There is a deterministic particle mortality rate m_{p,i} in Equation 3, and an additional, stochastic particle mortality in the section "Bacterial mortality". Are the two implemented with the same rate, and what is the rationale for implementing both forms of mortality? The manuscript text only seems to describe the stochastic particle mortality, but is never too explicit about it. As described in lines 385394, it seems that the stochastic mortality rate depends on the numerical integration time step: because m_{p} is a rate, a fraction m_{p} * dt of particles, where dt is the integration time step, should be chosen at each time step to impose mortality, rather than a "fraction" m_{p} as suggested by the text at lines 387389.
Thanks for pointing out this. This is correct and we now modified the equation or the text to reflect the correct way of implementing the mortality on the particle. We removed mortality term in Equation 3 which was creating confusion. There is only one mortality that is considered and that is the one described in the second of “Bacterial mortality”. We now included time step, Δt and particle number in this section to reflect how the fraction of particles are determined for mortality (Lines: 411417).
“In the model, a general form of mortality on particles is considered that accounts for mortality induced by predation or particle sinking and becoming inaccessible at deeper layers of the water column in the ocean. A constant fraction of particles (N_{p}.m_{p}.Δt) that represent the mortality rate at particle scale (m_{p}) is uniform randomly selected at each time interval (Δt) and their associated cells are removed from the particle. Then, the uncolonized particle is again introduced into the system and colonized by freeliving populations ($B}_{p,n,i$=0). ”
 The most problematic section is "Bacteriaparticle encounter rate". The authors mention explicitly the encounter probability of spherical cells undergoing random walks, but they need a rate to incorporate in the equations via parameter α. An explicit expression for α is not provided, and I would have expected α to be the diffusive flux towards a spherical absorber (see, e.g., Berg's "Random walks in biology" page 27, Equation 2.20): I = 4 \pi D R C_{0}, where C_{0} is the concentration of detached bacteria, but this is not mentioned. Also, what is d in Equation 5? It should be D_{c,p}, and it can't be the detachment rate d. The estimate for the diffusion coefficient of cells via the EinsteinStokes relationship is too small if bacteria are motile, as suggested by Figure 1. For motile cells, cell diffusion can be orders of magnitude larger than the EinsteinStokes estimate (see, e.g., Berg's "Random walks in biology" page 93 – Movement of selfpropelled objects). The sentence "From Equation 5, we calculated the total number attaching cells to a particle at a given time (t) from free living cells of population i by multiplying the hitting probability to the total number of freeliving cells" is very hard for me to interpret: which choice of D_{c,p} was used in Equation 5? I would also mention explicitly that this entire section assumes instantaneous attachment of bacteria to particles with an infinite rate coefficient.
For a study that is mostly numerical such as this one, availability of the computer code for peer review would greatly enhance the reproducibility of the results and would have clarified some of the doubts expressed above. I would encourage the authors to post it on Github for peer review, or provide it as supplementary material with the submission.
The code is now available online at the following URL: https://github.com/aliebmitedu/Bacterialdispersalmodel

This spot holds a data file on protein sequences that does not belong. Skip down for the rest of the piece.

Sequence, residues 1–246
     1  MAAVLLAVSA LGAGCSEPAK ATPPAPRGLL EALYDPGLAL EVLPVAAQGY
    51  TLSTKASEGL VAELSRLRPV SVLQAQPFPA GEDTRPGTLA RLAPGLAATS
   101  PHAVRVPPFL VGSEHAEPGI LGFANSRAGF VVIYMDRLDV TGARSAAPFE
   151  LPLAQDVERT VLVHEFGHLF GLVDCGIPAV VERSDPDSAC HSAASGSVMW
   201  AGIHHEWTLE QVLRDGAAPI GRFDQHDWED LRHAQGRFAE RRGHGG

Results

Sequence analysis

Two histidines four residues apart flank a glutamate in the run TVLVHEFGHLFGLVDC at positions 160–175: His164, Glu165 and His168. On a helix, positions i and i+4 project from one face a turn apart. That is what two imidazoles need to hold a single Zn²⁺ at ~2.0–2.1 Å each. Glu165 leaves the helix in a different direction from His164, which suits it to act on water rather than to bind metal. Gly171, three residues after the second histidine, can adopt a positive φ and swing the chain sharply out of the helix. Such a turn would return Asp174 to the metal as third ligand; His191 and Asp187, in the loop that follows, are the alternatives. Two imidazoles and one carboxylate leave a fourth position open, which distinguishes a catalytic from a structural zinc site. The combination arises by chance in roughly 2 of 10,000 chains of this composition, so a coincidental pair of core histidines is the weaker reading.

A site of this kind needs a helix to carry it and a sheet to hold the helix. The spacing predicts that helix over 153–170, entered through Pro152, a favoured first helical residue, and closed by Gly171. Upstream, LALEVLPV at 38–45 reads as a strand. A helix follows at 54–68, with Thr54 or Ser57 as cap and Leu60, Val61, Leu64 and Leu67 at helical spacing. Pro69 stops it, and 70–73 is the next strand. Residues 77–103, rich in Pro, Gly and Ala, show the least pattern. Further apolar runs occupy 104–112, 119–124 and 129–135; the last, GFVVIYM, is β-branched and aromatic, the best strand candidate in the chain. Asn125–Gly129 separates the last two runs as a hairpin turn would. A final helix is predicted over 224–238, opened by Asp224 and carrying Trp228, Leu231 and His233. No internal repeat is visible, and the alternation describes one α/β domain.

It would be very informative to know under which conditions the analytical approximation described at lines 174216 breaks down. At low particle density, the search time may be much longer than the growth period on the particle, but at high particle densities this may not be true. Would the approximation work less well in those conditions?
The reviewer is correct: as the density of particles increases, the time taken for bacteria to colonize new particles will decrease. Certainly, when particle densities increase to be very large (by more than an order of magnitude), our approximation will break down. However, for the numbers in our study, where particle densities vary by 23x, our numerics support our assumption that the approximation works reasonably well.
References:
Abrams, Peter A. 1993. “Optimal Traits When There Are Several Costs: The Interaction of Mortality and Energy Costs in Determining Foraging Behavior.” Behavioral Ecology 4 (3): 246–59. https://doi.org/10.1093/beheco/4.3.246.
Boeuf, Dominique, Bethanie R. Edwards, John M. Eppley, Sarah K. Hu, Kirsten E. Poff, Anna E. Romano, David A. Caron, David M. Karl, and Edward F. DeLong. 2019. “Biological Composition and Microbial Dynamics of Sinking Particulate Organic Matter at Abyssal Depths in the Oligotrophic Open Ocean.” Proceedings of the National Academy of Sciences of the United States of America. https://doi.org/10.1073/pnas.1903080116.
Dal Bello, Martina, Hyunseok Lee, Akshit Goyal, and Jeff Gore. 2021. “Resource–Diversity Relationships in Bacterial Communities Reflect the Network Structure of Microbial Metabolism.” Nature Ecology & Evolution 5 (10): 1424–34. https://doi.org/10.1038/s41559021015358.
Datta, Manoshi S, Elzbieta Sliwerska, Jeff Gore, Martin Polz, and Otto X Cordero. 2016. “Microbial Interactions Lead to Rapid MicroScale Successions on Model Marine Particles.” Nature Communications 7: 11965. https://doi.org/10.1038/ncomms11965.
Lauro, Federico M, Diane McDougald, Torsten Thomas, Timothy J Williams, Suhelen Egan, Scott Rice, Matthew Z DeMaere, et al. 2009. “The Genomic Basis of Trophic Strategy in Marine Bacteria.” Proceedings of the National Academy of Sciences 106 (37): 15527 LP – 15533. https://doi.org/10.1073/pnas.0903507106.
Muscarella, Mario E., Claudia M. Boot, Corey D. Broeckling, and Jay T. Lennon. 2019. “Resource Heterogeneity Structures Aquatic Bacterial Communities.” ISME Journal. https://doi.org/10.1038/s4139601904277.
Newman, Jonathan A. 1991. “Patch Use under Predation Hazard: Foraging Behavior in a Simple Stochastic Environment.” Oikos 61 (1): 29–44. https://doi.org/10.2307/3545404.
PascualGarcía, Alberto, Julia Schwartzman, Tim Enke, Arion IfflandStettner, Otto Cordero, and Sebastian Bonhoeffer. 2021. “Turnover in LifeStrategies Recapitulates Marine Microbial Succession Colonizing Model Particles.” bioRxiv. https://doi.org/10.1101/2021.11.05.466518.
https://doi.org/10.7554/eLife.73948.sa2